Harry Woolf, 79, physics professor and Johns Hopkins provost

January 09, 2003|By Frederick N. Rasmussen | Frederick N. Rasmussen,SUN STAFF

Harry Woolf, a former provost at the Johns Hopkins University who later was director of the Institute for Advanced Study in Princeton, N.J., died of Parkinson's disease Monday at his home there. He was 79.

Born and raised in Brooklyn, N.Y., he served with the Army in the Pacific during World War II; he attained the rank of sergeant and received three Bronze Stars.

"He served with an Army amphibious unit in the New Guinea campaign, but talked little of his wartime experiences," said his son, Aaron G. Woolf of New York City.

He resumed his education after the war, earning his bachelor's and master's degrees in 1948 and 1949 from the University of Chicago in the fields of mathematics, physics and history. He earned his doctorate in the history of science in 1955 from Cornell University.

Dr. Woolf taught physics and the history of science at Boston University, Brandeis University and the University of Washington in Seattle from 1953 until 1961, when he was named as Willis K. Shepard professor of the history of science at Hopkins.

A former Bolton Hill and Mount Washington resident, Dr. Woolf served as department chairman from 1961 until 1972, when he was named provost. In 1976, he was appointed director of the Institute for Advanced Study, an independent research institution founded in 1930.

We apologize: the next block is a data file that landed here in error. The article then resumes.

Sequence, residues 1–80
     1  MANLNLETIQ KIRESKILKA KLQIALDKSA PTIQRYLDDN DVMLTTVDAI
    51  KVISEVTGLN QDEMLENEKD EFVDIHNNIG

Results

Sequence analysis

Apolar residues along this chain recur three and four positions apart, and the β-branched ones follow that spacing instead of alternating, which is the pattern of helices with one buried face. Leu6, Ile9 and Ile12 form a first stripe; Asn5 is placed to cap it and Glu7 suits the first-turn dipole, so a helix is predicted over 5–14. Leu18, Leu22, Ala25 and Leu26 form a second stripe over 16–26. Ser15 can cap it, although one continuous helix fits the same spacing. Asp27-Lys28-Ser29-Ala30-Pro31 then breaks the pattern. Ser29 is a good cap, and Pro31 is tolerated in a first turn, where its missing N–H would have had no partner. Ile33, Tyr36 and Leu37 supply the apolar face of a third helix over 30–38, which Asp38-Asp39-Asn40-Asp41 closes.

"The Johns Hopkins University and I personally will find Harry Woolf irreplaceable. ... He is a scholar and gentleman of rare talent and charm," Dr. Steven Muller, then president of Johns Hopkins, told The Evening Sun at the time.

While living in Baltimore, he was a founding member and trustee of the Johns Hopkins Program for International Education in Gynecology and Obstetrics Inc. He was also a founder of the Mount Washington Swim Club and a member of the Hamilton Street Club.

During his tenure at Princeton's Institute for Advanced Study, he tripled its endowment from $51.7 million to $187.9 million. In 1987, he stepped down to become professor at large. He assumed emeritus status in 1994.

Dr. Woolf became associated with Alex. Brown, now Deutsche Asset Management, in 1976, and served as president of the company's Flag Funds from 1997 to 1999.

His marriages to the former Anne Dudley and Patricia Kelsh ended in divorce.

A memorial service will be held at 4 p.m. tomorrow at Wolfensohn Hall on the institute campus in Princeton.

In addition to his son, Dr. Woolf is survived by another son, Alan Woolf of Seattle; two daughters, Susan Woolf of Seattle and Sara A. Woolf of San Francisco; a sister, Paula W. Shapiro of Ringoes, N.J.; and a granddaughter.

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